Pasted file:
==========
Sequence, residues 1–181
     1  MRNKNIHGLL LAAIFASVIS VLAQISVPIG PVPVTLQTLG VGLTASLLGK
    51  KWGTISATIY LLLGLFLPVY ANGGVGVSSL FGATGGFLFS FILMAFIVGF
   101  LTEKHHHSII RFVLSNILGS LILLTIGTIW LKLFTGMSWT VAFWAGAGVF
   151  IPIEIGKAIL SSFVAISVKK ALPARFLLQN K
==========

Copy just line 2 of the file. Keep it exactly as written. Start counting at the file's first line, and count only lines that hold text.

     1  MRNKNIHGLL LAAIFASVIS VLAQISVPIG PVPVTLQTLG VGLTASLLGK